(Bloomberg) -- Albert Frere spent more than half a century crossing the globe to strike deals before he died this week, leaving a legacy that knitted together dynastic fortunes and transformed Europe’s corporate landscape.
It took just days for his $5.7 billion estate to be transferred to his children.
Frere’s 41 year-old daughter Segolene Gallienne and her older brother, Gerald Frere, 67, now control the family’s Groupe Frere-Bourgeois, which has net assets of 5.5 billion euros ($6 billion). The ownership change was reported in a statement by Groupe Bruxelles Lambert SA, whose assets include stakes in Adidas AG and Pernod Ricard SA. The Frere family hold an indirect stake in GBL.
If the Frere empire is split equally, the duo would each inherit almost $3 billion, according to the Bloomberg Billionaires Index. Calls to Groupe Frere-Bourgeois placed outside of normal office hours weren’t immediately returned.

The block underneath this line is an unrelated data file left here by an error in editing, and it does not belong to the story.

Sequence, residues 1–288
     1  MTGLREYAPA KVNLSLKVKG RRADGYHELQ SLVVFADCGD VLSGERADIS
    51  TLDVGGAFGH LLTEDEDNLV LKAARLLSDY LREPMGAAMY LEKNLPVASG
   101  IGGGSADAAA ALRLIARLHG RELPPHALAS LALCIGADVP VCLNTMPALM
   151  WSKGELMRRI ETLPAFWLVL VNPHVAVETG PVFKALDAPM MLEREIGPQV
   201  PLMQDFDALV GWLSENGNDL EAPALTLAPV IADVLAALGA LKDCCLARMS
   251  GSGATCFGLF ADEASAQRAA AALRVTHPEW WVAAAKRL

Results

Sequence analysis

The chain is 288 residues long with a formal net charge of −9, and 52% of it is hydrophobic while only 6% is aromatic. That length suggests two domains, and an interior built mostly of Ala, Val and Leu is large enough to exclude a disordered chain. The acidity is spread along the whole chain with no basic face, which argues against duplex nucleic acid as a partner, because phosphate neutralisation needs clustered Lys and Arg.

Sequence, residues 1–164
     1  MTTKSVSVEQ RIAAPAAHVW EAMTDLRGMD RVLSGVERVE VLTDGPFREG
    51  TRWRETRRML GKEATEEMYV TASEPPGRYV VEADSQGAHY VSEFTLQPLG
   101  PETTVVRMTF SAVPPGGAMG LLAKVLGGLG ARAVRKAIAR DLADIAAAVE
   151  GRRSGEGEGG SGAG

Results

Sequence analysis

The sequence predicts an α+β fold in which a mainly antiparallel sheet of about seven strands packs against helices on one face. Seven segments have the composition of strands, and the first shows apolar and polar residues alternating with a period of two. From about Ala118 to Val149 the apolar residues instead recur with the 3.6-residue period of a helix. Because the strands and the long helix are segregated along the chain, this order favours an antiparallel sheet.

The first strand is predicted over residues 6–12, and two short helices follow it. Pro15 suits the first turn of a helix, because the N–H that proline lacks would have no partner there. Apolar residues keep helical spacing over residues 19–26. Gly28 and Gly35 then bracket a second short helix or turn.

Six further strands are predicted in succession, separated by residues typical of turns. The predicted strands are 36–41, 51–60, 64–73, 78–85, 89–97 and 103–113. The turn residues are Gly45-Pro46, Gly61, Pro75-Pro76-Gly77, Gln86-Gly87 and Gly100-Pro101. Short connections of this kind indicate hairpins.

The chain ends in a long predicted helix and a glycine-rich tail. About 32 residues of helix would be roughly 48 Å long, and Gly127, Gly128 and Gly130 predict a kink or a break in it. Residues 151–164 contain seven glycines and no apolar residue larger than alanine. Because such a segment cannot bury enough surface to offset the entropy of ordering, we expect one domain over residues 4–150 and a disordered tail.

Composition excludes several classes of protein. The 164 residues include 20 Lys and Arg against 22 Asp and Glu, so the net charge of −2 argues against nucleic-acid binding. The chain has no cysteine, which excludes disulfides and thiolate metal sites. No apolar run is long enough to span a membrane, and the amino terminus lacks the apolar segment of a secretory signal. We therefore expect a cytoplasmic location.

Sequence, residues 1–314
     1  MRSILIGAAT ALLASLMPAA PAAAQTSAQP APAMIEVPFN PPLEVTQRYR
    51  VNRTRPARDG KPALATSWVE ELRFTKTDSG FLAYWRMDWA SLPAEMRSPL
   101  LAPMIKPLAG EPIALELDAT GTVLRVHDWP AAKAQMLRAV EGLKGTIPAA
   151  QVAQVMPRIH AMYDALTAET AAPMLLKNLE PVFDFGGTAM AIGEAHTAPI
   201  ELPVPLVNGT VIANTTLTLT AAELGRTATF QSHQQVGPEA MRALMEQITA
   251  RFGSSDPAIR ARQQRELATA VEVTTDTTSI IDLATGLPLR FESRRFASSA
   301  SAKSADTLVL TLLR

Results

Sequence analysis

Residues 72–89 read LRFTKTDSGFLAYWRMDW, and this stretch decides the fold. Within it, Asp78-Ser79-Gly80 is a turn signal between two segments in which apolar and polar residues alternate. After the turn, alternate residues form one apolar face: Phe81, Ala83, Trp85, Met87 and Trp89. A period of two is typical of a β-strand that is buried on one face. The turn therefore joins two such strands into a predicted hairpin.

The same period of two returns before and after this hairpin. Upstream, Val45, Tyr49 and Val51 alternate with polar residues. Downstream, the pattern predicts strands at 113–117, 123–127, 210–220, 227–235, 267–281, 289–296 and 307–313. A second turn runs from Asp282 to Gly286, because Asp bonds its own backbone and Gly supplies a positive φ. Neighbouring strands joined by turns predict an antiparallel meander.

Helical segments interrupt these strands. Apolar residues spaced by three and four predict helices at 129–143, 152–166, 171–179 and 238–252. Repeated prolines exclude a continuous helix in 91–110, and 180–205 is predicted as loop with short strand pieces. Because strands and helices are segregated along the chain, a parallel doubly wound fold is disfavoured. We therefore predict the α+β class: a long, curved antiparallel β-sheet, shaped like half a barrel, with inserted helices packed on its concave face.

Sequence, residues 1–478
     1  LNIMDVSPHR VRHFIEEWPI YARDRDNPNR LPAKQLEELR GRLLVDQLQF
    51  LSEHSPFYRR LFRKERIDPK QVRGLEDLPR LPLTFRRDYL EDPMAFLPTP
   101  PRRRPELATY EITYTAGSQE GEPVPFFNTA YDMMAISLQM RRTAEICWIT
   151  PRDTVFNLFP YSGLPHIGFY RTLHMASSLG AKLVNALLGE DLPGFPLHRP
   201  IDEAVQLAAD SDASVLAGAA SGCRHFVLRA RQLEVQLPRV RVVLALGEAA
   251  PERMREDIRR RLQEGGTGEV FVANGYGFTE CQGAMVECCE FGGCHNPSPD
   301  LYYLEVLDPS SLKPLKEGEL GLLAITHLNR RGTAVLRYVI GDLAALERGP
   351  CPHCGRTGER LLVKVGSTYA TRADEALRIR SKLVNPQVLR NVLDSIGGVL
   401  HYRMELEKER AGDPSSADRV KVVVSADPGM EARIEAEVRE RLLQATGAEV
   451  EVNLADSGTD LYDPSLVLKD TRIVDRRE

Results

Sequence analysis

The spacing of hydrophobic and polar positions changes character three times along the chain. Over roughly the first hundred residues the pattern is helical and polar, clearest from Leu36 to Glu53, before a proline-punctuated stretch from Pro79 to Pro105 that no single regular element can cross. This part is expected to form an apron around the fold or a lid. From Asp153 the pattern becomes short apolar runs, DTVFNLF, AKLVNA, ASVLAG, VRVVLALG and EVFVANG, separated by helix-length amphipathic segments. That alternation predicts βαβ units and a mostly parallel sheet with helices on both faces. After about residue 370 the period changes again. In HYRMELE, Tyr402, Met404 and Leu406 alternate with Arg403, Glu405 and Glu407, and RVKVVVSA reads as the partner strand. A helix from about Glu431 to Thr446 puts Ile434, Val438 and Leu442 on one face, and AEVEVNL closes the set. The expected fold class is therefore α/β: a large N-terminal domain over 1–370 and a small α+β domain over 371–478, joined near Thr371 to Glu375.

The pair are already part of the family business. Gallienne sits on the board of both companies, and her husband, Ian, is co-chief executive officer of Groupe Bruxelles Lambert. Frere is chairman of Groupe Bruxelles Lambert and vice chairman of Pargesa.
Gallienne joins the burgeoning ranks of female billionaires, although they remain significantly under-represented among the world’s wealthiest and comprise about 10 percent of Bloomberg’s ranking of the top 500 fortunes. Francoise Bettencourt Meyers, the largest shareholder of cosmetics company L’Oreal SA, is the world’s richest woman with a net worth of $47 billion.
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